WASHINGTON – Industrial activity plummeted in September, the 12th straight month of decline, as the terror attacks dealt a new blow to the nation's battered manufacturing sector.
The last time there was a string of 12 consecutive declines in industrial output was from November 1944 through October 1945.
Output at the nation's factories, utilities and mines fell by 1 percent last month, the worst showing since June, when industrial production declined by the same amount, the Federal Reserve reported Tuesday. That followed a 0.7 percent decrease in August.
Operating capacity sank to 75.5 percent in September, the lowest level since June 1983, as companies throttled back production in the face of sagging demand.
Before the Sept. 11 attacks on the World Trade Center and the Pentagon, economists were hopeful that manufacturing, hardest hit by the more than yearlong economic slowdown, was on the verge of a rebound.
But the economic fallout from the attacks dashed those hopes and economists expect the industrial sector will continue to founder in the months ahead. The attacks temporarily shut down the airlines, hobbled business across the country and disrupted the flow of supplies to factories because of tightened security at the nation's border, particularly along the country's northern edge.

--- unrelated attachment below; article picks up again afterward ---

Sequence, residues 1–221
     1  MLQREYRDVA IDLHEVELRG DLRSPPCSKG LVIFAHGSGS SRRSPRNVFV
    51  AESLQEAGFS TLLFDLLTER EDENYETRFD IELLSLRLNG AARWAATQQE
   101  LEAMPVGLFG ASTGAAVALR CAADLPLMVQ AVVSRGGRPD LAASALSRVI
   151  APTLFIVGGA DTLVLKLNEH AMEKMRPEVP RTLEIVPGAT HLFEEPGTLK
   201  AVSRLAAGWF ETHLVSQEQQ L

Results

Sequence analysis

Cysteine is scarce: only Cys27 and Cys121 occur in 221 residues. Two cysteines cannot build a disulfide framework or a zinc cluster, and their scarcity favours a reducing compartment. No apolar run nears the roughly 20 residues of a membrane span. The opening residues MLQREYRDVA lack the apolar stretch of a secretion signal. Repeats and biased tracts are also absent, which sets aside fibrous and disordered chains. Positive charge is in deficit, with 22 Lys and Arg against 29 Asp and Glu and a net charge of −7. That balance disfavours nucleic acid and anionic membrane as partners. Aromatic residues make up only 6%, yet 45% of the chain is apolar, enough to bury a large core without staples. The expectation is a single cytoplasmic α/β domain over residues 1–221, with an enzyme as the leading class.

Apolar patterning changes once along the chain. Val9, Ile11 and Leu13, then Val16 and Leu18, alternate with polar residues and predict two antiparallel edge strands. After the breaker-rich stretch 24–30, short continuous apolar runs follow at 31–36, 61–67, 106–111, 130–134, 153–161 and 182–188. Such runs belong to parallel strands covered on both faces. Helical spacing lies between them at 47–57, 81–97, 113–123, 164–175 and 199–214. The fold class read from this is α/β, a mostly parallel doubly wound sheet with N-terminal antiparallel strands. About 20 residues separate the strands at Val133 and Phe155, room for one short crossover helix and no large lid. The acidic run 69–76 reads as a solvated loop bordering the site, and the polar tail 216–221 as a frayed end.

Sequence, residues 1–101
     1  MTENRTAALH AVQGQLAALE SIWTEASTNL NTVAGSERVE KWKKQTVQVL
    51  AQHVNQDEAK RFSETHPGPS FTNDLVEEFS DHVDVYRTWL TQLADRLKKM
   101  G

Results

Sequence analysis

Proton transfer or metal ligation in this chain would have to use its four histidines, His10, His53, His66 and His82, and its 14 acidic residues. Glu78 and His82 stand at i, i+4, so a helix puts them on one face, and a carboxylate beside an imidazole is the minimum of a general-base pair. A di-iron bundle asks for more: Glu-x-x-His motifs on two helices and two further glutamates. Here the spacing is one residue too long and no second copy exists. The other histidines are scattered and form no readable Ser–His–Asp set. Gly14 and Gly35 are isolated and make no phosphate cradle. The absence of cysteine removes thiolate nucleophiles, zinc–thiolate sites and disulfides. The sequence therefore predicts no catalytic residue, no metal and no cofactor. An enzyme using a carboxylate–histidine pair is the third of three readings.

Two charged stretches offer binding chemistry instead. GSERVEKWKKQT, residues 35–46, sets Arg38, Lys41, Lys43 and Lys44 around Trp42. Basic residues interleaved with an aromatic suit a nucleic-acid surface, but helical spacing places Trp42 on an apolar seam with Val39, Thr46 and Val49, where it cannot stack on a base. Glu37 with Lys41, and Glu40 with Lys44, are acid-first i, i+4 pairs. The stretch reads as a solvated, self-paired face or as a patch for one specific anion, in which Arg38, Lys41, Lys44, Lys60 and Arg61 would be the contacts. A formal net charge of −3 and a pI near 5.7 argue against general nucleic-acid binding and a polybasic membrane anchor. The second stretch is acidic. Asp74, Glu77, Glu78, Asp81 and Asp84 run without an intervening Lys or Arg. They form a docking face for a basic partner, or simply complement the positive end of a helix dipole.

The shock of the attacks also sapped consumer demand, sending retail sales nationwide down sharply in September as people stayed glued to their TV sets and away from the stores.
In September, output at factories fell by 1.1 percent, on top of a 0.9 percent decline in August. Utilities saw output drop by 1.8 percent, after rising by 1.9 percent the month before. Production at mines rose by 0.3 percent, erasing a 0.3 percent drop in August.
Production of cars and parts fell by 3.6 percent in September, after a 3 percent drop in August. The attacks had forced some car plants to close temporarily because of supply problems.
For the entire third quarter, industrial output declined at an annual rate of 6.2 percent, following a 4.4 percent rate of decline in the second quarter. The third-quarter performance was the weakest since the first three months of this year, when industrial output decreased at a rate of 6.8 percent.
Production of consumer goods, such as home appliances, dropped at a rate of 3.2 percent in the third quarter, the largest decline since the first quarter of 1991, when the country was suffering through its last recession.
To stabilize the economy, the Federal Reserve has cut interest rates nine times this year, with a full percentage point reduction coming in two moves after the attacks.
President Bush and Congress are working on a plan to aid the economy, which is likely to include additional tax cuts and increased government spending.
Still, many economists say a recession this year is unavoidable. They predict that the economy, which grew at an anemic annual rate of just 0.3 percent in the second quarter, contracted in the third and fourth quarters. A recession is commonly defined as two consecutive quarters of shrinking gross domestic product, the total output of the nation's goods and services.